Eve Ostriker has joined the faculty
Eve Ostriker, a leading theorist working on star formation, has moved from the University of Maryland to Princeton.
Eve's early work centered on analytic studies of magnetohydrodynamic (MHD) accretion flows onto magnetized stars, and MHD winds from protostellar accretion disks. Magnetically regulated accretion is thought to be ubiquitous in astrophysical systems. However, solving the MHD equations to compute the structure and kinematics of such flows, even in simple geometries and assuming time-independent flows, presents enormous challenges. As a postdoc at Berkeley, Ostriker obtained a steady-state solution for the funnel flow, which remains to date the only self-consistent analytical model of this magnetosphere interaction region. She has studied the asymptotic structure of an MHD wind showing that magnetic fields could collimate stellar winds into jets with properties similar to observed flows from young stars. In later work at the University of Maryland, she studied the stability properties of such flows; investigating the conditions under which such collimated winds and their underlying disks are stable. Their analysis helps to explain, in part, why protostellar jets are able to propagate over such large distances without being disrupted.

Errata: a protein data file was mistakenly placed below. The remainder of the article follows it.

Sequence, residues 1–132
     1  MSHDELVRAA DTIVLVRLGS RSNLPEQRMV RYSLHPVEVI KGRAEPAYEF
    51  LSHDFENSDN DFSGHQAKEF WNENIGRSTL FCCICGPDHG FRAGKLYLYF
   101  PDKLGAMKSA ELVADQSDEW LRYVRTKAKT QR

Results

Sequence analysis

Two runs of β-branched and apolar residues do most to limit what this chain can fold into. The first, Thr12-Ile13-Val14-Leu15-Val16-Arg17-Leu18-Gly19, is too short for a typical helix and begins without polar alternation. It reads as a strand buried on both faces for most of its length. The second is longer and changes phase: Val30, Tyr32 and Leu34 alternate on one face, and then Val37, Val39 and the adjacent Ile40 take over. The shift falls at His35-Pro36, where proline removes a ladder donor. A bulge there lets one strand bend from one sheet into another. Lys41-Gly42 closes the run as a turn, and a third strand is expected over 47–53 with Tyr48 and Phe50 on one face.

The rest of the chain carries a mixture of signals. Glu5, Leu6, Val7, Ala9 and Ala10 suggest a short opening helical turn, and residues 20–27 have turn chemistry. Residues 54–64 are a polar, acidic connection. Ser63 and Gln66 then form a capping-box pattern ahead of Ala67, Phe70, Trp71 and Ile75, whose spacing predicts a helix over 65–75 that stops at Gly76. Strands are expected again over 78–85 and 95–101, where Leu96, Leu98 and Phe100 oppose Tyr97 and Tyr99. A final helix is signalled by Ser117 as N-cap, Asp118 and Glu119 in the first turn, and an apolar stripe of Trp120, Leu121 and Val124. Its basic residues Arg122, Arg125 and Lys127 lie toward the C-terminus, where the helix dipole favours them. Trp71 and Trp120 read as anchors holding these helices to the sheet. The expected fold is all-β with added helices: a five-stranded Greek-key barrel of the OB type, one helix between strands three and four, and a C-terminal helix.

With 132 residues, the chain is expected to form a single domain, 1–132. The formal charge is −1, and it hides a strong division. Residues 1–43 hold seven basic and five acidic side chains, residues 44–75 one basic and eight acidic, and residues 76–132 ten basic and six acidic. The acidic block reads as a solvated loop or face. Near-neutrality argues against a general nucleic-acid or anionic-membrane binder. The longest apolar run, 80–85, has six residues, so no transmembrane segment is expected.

Over the past 10 years, Eve has been using direct numerical simulations to study the properties of MHD turbulence in molecular clouds, and how it affects the star formation process. These studies were the first to show that turbulent dissipation in magnetized media proceeds almost as rapidly as in unmagnetized media, contrary to long-held expectations. Moreover, the statistical properties of the turbulence (density, velocity fluctuations, etc.) are in good agreement with the observed properties of molecular clouds. This work has had a profound impact on the theory of star formation: it implies molecular clouds and star formation must be short-lived and very dynamic.
Most recently, Eve has worked on understanding what controls the star formation rate in galaxies. She has developed a theory for the regulation of star formation based on the dual constraints of dynamical and thermal equilibrium in the interstellar medium. She has shown that star formation is self-regulating due to feedback from heating and supernova. While these processes have long been thought to be important, her theory provides a precise and quantitative prediction for how feedback works.